The new Coun­try­man has grown, but it’s also more ex­pen­sive. Can it jus­tify this growth spurt?


THEY grow up so quickly, don’t they? One day, they’re small, three-door hatch­backs, real hand­fuls, full of zip and zest … and next thing, they’re all grown up with five-doors, raised ride heights and all-wheel drive.

The prob­lem with grow­ing up is that it’s not al­ways a good thing. The jour­ney into adult­hood is of­ten ac­com­pa­nied by the slow shrink­ing of that play­ful in­ner­child per­sona re­spon­si­ble for much of the ir­rev­er­ence and freespir­ited fun we en­joy as adults.

The Mini is the per­fect case in point. While the cur­rent hatch is un­doubt­edly a more re­fined and so­phis­ti­cated ve­hi­cle than the tear-about that was the first gen­er­a­tion new Mini, much of those ini­tial point-and-squirt, go-kart-like qual­i­ties have been dis­carded. Yes, the 2017 Mini hatch is a bet­ter car, but it won’t make you smile like the 2001 ver­sion did.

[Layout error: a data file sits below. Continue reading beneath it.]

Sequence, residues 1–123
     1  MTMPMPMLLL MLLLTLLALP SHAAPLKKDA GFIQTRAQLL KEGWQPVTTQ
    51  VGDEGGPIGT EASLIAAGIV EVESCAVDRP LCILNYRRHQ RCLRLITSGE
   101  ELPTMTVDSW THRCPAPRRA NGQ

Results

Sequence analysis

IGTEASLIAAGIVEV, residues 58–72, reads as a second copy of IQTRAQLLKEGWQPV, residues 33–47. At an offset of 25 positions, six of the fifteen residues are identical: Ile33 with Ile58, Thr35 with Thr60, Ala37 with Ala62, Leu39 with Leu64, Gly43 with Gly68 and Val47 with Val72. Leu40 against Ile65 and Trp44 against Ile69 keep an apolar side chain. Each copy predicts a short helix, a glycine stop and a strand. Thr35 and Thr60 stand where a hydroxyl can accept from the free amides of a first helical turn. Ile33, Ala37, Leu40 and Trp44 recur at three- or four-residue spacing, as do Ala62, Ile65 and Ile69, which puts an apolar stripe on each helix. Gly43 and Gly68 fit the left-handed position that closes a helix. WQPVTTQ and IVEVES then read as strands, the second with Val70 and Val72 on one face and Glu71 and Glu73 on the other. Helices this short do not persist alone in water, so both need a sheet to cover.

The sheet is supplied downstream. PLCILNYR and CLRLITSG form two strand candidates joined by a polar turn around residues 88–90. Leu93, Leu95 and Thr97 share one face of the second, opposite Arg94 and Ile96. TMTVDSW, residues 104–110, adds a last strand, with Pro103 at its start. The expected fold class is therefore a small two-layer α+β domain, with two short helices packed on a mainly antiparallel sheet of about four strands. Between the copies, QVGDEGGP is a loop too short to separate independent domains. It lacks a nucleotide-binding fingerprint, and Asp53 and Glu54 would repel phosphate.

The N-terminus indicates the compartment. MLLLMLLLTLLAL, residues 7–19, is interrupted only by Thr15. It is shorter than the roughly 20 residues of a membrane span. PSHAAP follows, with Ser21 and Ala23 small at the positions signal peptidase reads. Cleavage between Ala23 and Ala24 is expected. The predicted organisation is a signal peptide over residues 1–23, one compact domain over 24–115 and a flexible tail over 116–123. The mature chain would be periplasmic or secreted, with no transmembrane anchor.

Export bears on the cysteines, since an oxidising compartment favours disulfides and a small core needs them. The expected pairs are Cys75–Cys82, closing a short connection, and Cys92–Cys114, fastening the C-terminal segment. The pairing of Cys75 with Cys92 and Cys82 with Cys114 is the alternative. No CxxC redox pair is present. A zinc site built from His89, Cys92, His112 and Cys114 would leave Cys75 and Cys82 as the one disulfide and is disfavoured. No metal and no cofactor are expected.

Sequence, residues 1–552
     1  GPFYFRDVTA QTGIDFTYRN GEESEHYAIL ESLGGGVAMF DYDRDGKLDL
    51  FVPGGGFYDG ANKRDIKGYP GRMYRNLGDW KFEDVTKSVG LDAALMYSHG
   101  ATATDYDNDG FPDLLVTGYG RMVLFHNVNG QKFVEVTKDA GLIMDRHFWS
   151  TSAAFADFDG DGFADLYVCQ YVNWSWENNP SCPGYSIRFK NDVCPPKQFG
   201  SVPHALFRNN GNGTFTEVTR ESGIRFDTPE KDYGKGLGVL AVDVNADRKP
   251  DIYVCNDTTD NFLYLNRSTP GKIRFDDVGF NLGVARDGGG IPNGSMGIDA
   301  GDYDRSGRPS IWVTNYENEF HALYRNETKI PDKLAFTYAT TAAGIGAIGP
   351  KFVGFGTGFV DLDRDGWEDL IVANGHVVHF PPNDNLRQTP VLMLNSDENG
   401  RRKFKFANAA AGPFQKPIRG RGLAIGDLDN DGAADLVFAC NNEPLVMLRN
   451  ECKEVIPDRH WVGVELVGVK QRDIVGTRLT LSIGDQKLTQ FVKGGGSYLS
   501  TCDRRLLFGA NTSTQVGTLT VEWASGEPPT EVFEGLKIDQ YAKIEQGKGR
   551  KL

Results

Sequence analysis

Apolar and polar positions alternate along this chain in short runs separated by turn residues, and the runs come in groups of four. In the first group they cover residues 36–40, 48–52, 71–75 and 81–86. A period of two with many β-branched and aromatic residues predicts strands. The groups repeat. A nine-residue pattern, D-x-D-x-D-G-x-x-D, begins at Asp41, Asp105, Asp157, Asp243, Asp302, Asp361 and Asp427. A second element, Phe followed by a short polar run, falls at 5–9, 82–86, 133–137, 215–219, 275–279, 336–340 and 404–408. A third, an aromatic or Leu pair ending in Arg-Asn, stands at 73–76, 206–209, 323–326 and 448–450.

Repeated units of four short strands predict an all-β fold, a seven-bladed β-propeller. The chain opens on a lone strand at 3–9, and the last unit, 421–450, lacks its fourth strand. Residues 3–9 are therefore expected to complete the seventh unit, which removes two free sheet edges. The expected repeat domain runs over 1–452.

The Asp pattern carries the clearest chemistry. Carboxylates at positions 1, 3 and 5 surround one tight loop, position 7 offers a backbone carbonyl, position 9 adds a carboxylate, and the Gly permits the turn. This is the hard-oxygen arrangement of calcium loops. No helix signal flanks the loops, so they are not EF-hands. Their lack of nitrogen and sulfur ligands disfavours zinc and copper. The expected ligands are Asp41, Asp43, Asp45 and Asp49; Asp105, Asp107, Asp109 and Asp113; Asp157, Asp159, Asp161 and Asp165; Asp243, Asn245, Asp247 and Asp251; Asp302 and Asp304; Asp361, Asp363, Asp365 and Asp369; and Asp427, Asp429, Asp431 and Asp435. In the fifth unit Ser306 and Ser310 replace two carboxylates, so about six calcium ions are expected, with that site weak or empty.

The up­side of a grow­ing ma­tu­rity, on the other hand, is an abil­ity to deal with life’s com­plex­i­ties and ac­com­mo­date the chal­lenges and bag­gage that adult­hood serves up. And by that I mean ac­tual bag­gage. When you’re big and have a fam­ily of your own, you need a car with space to fit all the kit with which th­ese small hu­mans come. And that’s some­thing the first Coun­try­man of­fered over its sib­lings when it was launched in 2010.

A pop­u­lar seller – 550 000 were sold around the world – the first-gen­er­a­tion Coun­try­man wasn’t with­out its faults, though. Its per­ceived build qual­ity didn’t quite jus­tify the pre­mium price tag, and spec lev­els were un­der­whelm­ing given said ask­ing price. Does this new-gen­er­a­tion Coun­try­man, then, of­fer qual­i­ties more bal­anced and, dare I say, adult in its of­fer­ing?

Well, it’s cer­tainly more grownup. The new model is 200 mm

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